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Survivorship Bias – The Wrongfully Killed in BC Tell No Stories…

Survivorship bias or survival bias is the logical error of concentrating on the people or things that made it past some selection process and overlooking those that did not, typically because of their lack of visibility. This can lead to false conclusions in several different ways. It is a form of selection bias.

In British Columbia, unlike the other provinces and the Yukon who have already modernized their wrongful death legislation, only the wrongfully killed who were breadwinners that had dependents have worth under the law. This is based on a percentage of their future lost income. For everyone else, especially vulnerable members of society such children, seniors, and the disabled, their lives are worthless under the present law in BC. Accordingly, the surviving families are never able to access justice, hold wrongdoers accountable, and see future deterrent mechanisms put in place, to prevent wrongful deaths of the same cause from happening in the future.

This is a form of survivorship bias, meaning only those who are merely injured will ever see their day in court, leaving countless lives lost by wrongful act causing death unaccounted for. As a result, more people will continue to die the same way.

BC Wrongful Death Law Reform Society

Heidi Klompas

Take for example the story of 17 year old Heidi Klompas from Langley, who had both her legs broken after being hit by a drunk driver. The doctors delayed surgery, which caused a fat embolism, followed by another series of preventable medical errors, ultimately resulting in her death. 19 years later, 16 year old Lindsey Kean in Nanaimo had her leg broken in a car accident. Her surgery was also delayed, causing a fat embolism (a preventable medical error), and as a result tragically died as well. Had Heidi’s Mother, Catherine Adamson been able to seek justice for Heidi, then perhaps corrective retraining measures could have been undertaken to ensure doctors across the board were retrained accordingly. This could have saved Lindsey’s life 19 years later. Some might argue that “money doesn’t bring your loved one back”, but money is however the only unit of measurement that people universally keep track of. When applied in legal penalty, will as a result incentivize policy change, and deter future wrongful actions of the same kind.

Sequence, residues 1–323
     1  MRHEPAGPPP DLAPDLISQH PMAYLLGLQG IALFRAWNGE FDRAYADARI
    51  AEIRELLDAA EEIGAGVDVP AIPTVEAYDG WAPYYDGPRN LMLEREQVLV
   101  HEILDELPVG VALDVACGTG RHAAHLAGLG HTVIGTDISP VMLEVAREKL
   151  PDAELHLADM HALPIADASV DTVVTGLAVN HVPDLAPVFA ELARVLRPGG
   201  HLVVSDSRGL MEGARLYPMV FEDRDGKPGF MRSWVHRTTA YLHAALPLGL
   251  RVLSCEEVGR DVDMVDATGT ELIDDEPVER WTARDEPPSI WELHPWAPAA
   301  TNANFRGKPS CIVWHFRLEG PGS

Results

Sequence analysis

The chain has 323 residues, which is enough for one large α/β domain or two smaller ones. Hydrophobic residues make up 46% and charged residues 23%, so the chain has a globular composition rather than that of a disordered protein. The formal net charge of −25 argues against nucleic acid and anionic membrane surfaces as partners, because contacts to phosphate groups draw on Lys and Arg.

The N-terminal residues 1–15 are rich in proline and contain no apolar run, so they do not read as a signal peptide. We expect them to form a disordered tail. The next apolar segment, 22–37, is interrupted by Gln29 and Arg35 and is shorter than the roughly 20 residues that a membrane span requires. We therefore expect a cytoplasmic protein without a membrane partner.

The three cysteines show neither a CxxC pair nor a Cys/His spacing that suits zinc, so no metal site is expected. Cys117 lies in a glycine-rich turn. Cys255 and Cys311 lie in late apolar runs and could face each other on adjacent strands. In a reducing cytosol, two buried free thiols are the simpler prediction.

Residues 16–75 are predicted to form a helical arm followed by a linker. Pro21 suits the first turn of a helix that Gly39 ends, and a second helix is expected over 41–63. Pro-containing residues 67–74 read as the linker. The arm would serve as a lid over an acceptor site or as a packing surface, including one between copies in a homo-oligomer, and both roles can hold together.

Lindsey Kean pictured (middle)

Please petition your MLA to make your voice heard in supporting the modernization of our wrongful death laws in BC»

Watch the video to learn more about the concept of survivorship bias.

Please petition your MLA to make your voice heard in supporting the modernization of our wrongful death laws in BC»

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